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College Athletes Could Soon Cash In

IN NOVEMBER OF 2015, A FEW DAYS BEFORE the Big Game between UC Berkeley and Stanford, California State Sen. Nancy Skinner attended an Oakland Rotary Club meeting. That day, as it often does, the club was discussing athletics, and it had invited antitrust economist Andy Schwarz, a longtime critic of the National Collegiate Athletic Association (NCAA). Schwarz, “a Stanford guy,” shared the stage with the Cal Band, which played Cal songs, before he began his presentation.

From the Spring 2020 issue of California.

Q&A: Rebecca Skloot on Seeing “Henrietta Lacks” Come To Life Onscreen

When Rebecca Skloot was 16 years old, her biology teacher wrote a name on the blackboard: “Henrietta Lacks.” He explained that Lacks was a black woman whose surgeon had extracted cells from her tumor in 1951. They turned out to be the first human cells to survive indefinitely in a laboratory. Billions of so-called HeLa cells lived in labs around the world and had helped produce treatments for leukemia, influenza, Parkinson’s disease, and many other ailments.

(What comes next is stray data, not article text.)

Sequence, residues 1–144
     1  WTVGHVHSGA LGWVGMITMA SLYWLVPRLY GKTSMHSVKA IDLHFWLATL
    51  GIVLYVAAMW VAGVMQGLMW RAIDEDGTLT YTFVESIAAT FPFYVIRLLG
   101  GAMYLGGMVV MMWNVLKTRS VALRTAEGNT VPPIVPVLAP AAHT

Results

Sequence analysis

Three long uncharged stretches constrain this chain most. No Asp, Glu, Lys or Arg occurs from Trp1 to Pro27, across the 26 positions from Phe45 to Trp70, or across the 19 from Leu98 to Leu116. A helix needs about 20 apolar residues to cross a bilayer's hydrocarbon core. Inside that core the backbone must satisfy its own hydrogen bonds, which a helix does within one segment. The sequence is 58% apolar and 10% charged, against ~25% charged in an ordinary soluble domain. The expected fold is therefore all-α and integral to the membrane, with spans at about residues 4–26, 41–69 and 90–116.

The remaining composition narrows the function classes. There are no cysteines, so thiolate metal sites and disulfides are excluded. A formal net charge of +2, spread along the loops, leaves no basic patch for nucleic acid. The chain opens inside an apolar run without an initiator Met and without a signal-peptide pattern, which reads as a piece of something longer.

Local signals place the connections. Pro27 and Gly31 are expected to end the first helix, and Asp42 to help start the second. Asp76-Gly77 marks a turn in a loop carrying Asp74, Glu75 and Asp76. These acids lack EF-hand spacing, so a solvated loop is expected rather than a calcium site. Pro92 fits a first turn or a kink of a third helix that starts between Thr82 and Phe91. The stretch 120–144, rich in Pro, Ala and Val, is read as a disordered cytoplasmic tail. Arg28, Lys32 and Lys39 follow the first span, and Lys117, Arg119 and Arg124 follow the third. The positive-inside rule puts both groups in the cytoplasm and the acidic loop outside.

Comic Outrage—The Real Saga of the Afghan Interpreter John Oliver Hailed on HBO

Like Jon Stewart and Stephen Colbert, John Oliver has made a career of deconstructing the news into its absurdist bits and serving it back up as a steaming hash liberally sauced with irony and outrage. Plus, because his Sunday show, “Last Week Tonight,” is broadcast on HBO, he gets to say the “F word” a lot.

Game of Allophones: Word Whiz Creates Languages for Shows Like Game of Thrones

David Peterson has never been interested in fantasy films or literature. The 33-year-old dismisses the genre as “fantastical people who do fantastical things.” So it may be surprising to learn that for the past five years, the 2003 Berkeley graduate has been creating languages for the fantastical worlds of TV shows like HBO’s Game of Thrones and movies such as Thor: The Dark World. 

From the Summer 2014 Apocalypse issue of California.
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